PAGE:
Sweetener FAQ'S

How does sugar affect my body?

Sugar gives you energy in the form of calories and provides building blocks for other molecules your body needs such as proteins and fats.

What benefits do natural sweeteners provide other than sweetness?

Natural sweeteners[1]:

  • Provide texture and enhance “mouth-feel”
  • Act as preservatives that protect the flavor, aroma and color of fruit used in jellies, jams and preserves
  • Help brown baked foods
  • Provide fermentable sugars that help bread rise
  • Retain moisture so high fiber products taste better and baked goods stay fresh
  • Contribute to the bulk or volume of ice cream, baked goods, preserves and jams
  • Reduce the harsh vinegar or acid bite in non-sweet foods such as salad dressings, sauces and condiments
  • Control freezing, melting and boiling points of products

Does my body see all natural sweeteners the same way?

Yes! Your body digests sweeteners by breaking them into smaller units, primarily glucose and fructose. These simple sugars are absorbed into the bloodstream, where they are transported to cells and converted into energy. Although individual sugars are metabolized through different pathways, the body sees the same mix of sugars, regardless of sweetener.[2]

Why do we crave sweetness?

Sweetness lets us know that a food is safe to eat which was essential for survival in our hunter-gatherer past.  Sweetness is also your body’s way of recognizing sugar which is an important supplier of carbohydrate energy, vital for good health. Human’s way of life has changed significantly since our “sweet tooth for survival” was formed 12,000 years ago but our craving for sweet things still remains.[3]

Are sugars bad for my health? Will they make me obese?

Sugar and other sweeteners (including HFCS) have been approved by the U.S. Food and Drug Administration (FDA) as safe for use as part of a healthy diet. The key to eating them though is moderation. Just like any other food or ingredient, excessive consumption of sugar can lead to adverse health effects. No single food or ingredient can be blamed for obesity.[4]

Are all sweeteners natural?

Sweeteners such as sugar, honey and high fructose corn syrup that come from plant products are considered natural food ingredients under the U.S. Food and Drug Administration’s requirements for the term “natural.” Under FDA guidance, “natural” means that “nothing artificial or synthetic (including all color additives regardless of source) has been included in, or has been added to, a food that would not normally be expected to be in the food.” This is in contrast to many high-intensity sweeteners including aspartame and saccharin which are not considered natural and are manmade.[5]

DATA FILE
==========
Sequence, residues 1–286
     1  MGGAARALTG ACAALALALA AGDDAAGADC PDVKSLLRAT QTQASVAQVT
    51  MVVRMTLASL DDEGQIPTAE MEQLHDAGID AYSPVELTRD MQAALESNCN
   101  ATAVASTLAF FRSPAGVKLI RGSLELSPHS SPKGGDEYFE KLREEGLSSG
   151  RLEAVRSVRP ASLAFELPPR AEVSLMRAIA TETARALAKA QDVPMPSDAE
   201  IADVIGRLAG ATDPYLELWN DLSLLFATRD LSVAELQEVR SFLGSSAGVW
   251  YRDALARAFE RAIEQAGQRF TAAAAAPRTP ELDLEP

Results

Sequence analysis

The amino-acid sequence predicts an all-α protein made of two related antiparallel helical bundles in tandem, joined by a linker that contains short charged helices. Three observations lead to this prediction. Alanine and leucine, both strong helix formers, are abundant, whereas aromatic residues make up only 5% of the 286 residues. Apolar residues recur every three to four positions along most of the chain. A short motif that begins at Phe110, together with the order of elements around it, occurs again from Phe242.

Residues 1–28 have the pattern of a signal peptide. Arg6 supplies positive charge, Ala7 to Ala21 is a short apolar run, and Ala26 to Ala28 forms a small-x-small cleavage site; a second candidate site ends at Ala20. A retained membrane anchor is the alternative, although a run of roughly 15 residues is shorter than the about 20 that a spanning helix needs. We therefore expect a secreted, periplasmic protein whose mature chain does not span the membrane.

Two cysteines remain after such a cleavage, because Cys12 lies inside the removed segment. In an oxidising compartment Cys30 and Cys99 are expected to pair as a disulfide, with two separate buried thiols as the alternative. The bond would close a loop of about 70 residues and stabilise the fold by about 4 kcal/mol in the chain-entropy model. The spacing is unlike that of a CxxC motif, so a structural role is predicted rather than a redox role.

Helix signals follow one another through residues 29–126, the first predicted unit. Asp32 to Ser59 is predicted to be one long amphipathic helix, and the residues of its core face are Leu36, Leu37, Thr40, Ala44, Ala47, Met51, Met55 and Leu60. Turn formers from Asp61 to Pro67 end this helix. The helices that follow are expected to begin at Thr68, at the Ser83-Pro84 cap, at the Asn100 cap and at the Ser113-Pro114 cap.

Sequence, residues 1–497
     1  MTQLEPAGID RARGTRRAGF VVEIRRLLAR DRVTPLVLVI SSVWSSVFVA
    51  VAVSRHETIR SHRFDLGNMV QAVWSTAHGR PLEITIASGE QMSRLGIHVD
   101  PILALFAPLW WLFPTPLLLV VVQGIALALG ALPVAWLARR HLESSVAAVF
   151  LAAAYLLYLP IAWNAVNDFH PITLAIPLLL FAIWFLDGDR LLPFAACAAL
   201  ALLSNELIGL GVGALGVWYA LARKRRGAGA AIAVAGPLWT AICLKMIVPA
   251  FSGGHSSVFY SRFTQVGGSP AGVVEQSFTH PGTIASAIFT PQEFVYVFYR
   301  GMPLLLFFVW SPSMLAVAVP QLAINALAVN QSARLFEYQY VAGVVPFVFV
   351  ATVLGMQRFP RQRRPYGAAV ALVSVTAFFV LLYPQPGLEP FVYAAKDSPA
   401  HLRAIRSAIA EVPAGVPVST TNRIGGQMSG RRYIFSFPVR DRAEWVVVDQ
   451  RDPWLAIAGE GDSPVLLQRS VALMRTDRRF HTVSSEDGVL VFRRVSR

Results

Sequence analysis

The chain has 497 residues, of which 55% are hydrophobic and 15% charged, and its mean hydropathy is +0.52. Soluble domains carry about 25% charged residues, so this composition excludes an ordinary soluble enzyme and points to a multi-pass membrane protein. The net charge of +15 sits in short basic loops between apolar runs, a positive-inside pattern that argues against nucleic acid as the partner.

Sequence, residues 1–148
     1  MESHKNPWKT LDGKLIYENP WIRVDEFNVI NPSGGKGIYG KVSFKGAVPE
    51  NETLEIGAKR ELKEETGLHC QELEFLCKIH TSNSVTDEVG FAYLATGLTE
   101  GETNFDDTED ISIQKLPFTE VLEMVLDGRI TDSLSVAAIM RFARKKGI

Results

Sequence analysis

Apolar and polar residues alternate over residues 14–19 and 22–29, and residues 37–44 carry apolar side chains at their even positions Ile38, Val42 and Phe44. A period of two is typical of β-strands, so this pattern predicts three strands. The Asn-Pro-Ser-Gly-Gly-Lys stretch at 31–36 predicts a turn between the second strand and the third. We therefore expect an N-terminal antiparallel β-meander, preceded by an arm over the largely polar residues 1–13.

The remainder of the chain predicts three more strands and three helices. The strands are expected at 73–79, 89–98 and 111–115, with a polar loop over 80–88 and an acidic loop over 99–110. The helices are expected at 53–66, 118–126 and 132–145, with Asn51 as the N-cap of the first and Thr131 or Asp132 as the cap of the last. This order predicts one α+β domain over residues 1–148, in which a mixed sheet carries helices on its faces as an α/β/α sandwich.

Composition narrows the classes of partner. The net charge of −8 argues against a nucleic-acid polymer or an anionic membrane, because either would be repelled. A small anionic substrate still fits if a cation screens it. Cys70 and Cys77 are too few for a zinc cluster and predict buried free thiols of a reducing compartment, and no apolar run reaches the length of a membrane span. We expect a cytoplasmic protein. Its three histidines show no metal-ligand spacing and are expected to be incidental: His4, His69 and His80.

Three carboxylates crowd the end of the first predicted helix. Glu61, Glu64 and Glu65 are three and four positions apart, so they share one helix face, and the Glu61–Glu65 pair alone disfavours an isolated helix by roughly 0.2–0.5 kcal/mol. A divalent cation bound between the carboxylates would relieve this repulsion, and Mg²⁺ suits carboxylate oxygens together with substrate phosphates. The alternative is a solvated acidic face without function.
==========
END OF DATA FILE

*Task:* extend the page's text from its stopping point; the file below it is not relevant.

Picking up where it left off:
What are fruit juice concentrates?

Raw juice from fruit is purified and filtered to remove fiber and impurities. The resulting fruit juice concentrate is almost identical in calories, sugars and nutrients to sugar, honey or high fructose corn syrup. Additionally, it is metabolized the same way as any of these similar sweeteners. The food industry uses fruit juice concentrates in jams, canned fruits, beverages and some baked goods to improve customer perception of product labels.[6]

Are some sweeteners better for my teeth than others?

Yes. Polyols such as xylitol, sorbitol and erythritol do not contribute to dental cavities. Likewise, high-intensity sweeteners such as aspartame and saccharin do not contribute to tooth decay because they are used in such minute quantities. All natural sweeteners, including sugar, honey and high fructose corn syrup, contain carbohydrates that feed bacteria in the mouth and can contribute to tooth decay if consumed in excess.



[1] See generally Alexander RJ. 1998. Sweeteners: Nutritive. Eagan Press; National Honey Board. 2007. Honey: A Reference Guide to Nature's Sweetener; Coulston AM, Johnson RK. 2002. Sugar and sugars: Myths and realities. J Am Diet Assoc 102(3):351-353; International Food Information Council. November 2006. Carbohydrates and Sugars Backgrounder.

[2] See generally Alexander RJ. 1998. Sweeteners: Nutritive. Eagan Press; National Honey Board. 2007. Honey: A Reference Guide to Nature's Sweetener; Coulston AM, Johnson RK. 2002. Sugar and sugars: Myths and realities. J Am Diet Assoc 102(3):351-353; International Food Information Council. November 2006. Carbohydrates and Sugars Backgrounder.

[3] Leopold AC, Ardrey R. Toxic substances in plants and the food habits of early man. Science. 1972 May 5;176(34):512-4; O'Sullivan G. June 2006. Sweeteners: Where do we go from here? International Food Ingredients June/July 2006.

[4] See generally Nobigrot T, Chasalow FI, Lifshitz F. 1997. Carbohydrate absorption from one serving of fruit juice in young children: age and carbohydrate composition effects. J Am Coll Nutr 16:152-158; Chaplin M, Bucke C. 1990. Enzymes in the fruit juice, wine, brewing and distilling industries, in Enzyme Technology. Cambridge Univ. Press.

[5] 58 Federal Register 2302, 2407 (Jan. 6, 1993).

[6] Forshee RA, Storey ML, Allison DB, Glinsmann WH, Hein GL, Lineback DR, Miller SA, Nicklas TA, Weaver GA, White JS. 2007. A Critical Examination of the Evidence Relating High Fructose Corn Syrup and Weight Gain. Critical Reviews in Food Science and Nutrition. 47(6):561-582.